Experiential learning resources for the innovative educator
When I was teaching high schoolers, I included community action projects in every facet of my teaching. A community action project is a form of project-based learning where students identify issues in the community, research the issues, brainstorm solutions, develop an action plan, and take action. These experiences are the coolest form of self-directed service-learning.
I would often assign a community action project to my class around a theme such as "invasive species" (I am a science teacher). My advisory students also complete community action projects as do my seniors.
I do this because community action projects deepen learning AND build essential 21st-century skills such as collaboration, problem-solving, empathy, team-work, critical thinking, and so much more. The benefits are enormous.
The trick comes in implementation. These projects require independence and self-direction. They also push students out of their comfort zones, which is a great thing for so many reasons, but it can also create some resistance. Avoid these challenges by having a seamless facilitation plan. That is the purpose of this blog post.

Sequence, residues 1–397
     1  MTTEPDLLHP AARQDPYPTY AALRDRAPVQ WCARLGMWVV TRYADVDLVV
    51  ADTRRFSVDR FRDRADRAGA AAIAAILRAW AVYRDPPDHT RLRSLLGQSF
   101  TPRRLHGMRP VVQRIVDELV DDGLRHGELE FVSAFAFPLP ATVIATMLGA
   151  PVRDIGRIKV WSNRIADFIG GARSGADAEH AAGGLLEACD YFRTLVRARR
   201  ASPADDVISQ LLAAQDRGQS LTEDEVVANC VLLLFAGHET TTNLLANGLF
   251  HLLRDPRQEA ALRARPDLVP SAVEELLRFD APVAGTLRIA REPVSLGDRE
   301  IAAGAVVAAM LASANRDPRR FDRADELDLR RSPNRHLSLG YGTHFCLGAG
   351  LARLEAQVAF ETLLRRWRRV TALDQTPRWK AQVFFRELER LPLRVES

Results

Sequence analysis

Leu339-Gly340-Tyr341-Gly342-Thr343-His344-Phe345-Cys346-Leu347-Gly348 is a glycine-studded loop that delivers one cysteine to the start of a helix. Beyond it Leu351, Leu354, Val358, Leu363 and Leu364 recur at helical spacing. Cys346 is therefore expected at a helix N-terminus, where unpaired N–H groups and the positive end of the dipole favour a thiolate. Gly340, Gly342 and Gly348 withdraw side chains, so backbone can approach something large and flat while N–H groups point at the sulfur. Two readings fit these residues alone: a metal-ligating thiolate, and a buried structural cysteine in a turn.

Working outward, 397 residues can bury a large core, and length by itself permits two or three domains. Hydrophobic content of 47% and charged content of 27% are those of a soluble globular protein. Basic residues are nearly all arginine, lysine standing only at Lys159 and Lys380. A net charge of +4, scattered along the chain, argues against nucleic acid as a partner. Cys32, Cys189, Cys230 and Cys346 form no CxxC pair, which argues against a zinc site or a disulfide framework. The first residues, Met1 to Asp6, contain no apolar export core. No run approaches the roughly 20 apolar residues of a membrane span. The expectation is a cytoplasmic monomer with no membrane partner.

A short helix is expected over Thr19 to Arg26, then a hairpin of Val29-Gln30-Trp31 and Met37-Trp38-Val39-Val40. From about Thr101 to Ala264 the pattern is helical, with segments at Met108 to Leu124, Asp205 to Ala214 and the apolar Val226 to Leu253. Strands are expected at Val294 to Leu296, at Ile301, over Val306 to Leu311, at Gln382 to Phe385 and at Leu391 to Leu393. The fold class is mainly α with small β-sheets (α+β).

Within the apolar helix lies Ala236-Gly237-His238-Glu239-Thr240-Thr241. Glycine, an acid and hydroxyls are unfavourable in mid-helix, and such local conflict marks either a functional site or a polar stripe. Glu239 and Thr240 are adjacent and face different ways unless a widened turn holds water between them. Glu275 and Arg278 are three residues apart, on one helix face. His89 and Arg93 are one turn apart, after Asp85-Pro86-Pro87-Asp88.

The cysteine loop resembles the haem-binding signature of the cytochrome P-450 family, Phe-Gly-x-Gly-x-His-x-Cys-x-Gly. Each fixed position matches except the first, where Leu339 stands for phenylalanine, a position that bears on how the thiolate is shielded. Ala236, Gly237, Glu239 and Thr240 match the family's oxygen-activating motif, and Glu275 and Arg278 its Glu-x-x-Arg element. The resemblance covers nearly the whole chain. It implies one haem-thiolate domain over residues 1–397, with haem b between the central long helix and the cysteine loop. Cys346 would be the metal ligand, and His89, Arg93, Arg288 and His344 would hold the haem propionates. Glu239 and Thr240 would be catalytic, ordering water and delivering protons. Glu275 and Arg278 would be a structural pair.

Before reading on, click the button below to grab my free project-based learning planner. Add the steps below into your calendar to coordinate and execute the most amazing, life-changing project-based service-learning projects.
Project-Based Service-Learning in Four Easy Steps
Project-based service-learning experiences, or my "community action projects", take time. My students take anywhere from 3-6 weeks to complete their projects. Project-based learning is sustained inquiry, which requires deep exploration. That is the point, and that is the benefit of an experience like this.
Don't start an experience like this unless you can commit to the details. It's worth it! So let's dive into the details here so that you can see what the steps are and why they are time-intensive.
1. Brainstorm/Identify Community Issues:
This is arguably the most important step of a community action project. Students identify their interests, make observations about their communities, and decide on a general direction to take the experience.
Whether students are choosing their own topics or subtopics from a theme, students will need to do some digging to figure out what sparks their interest and what matters to them personally. I do this by having students explore current events, complete interest surveys, discuss community issues, and more.
I have a free community action project brainstorming tool in my experiential learning resource library. Click below to access that free resource.
I would dedicate at least one class period to this phase of the experience. Write this down in your PBL planner!
2. Research the Issue:
Once students have settled on a community issue that they would like to tackle, they research the issue more thoroughly. The purpose of this step is to ensure that students make informed action plans.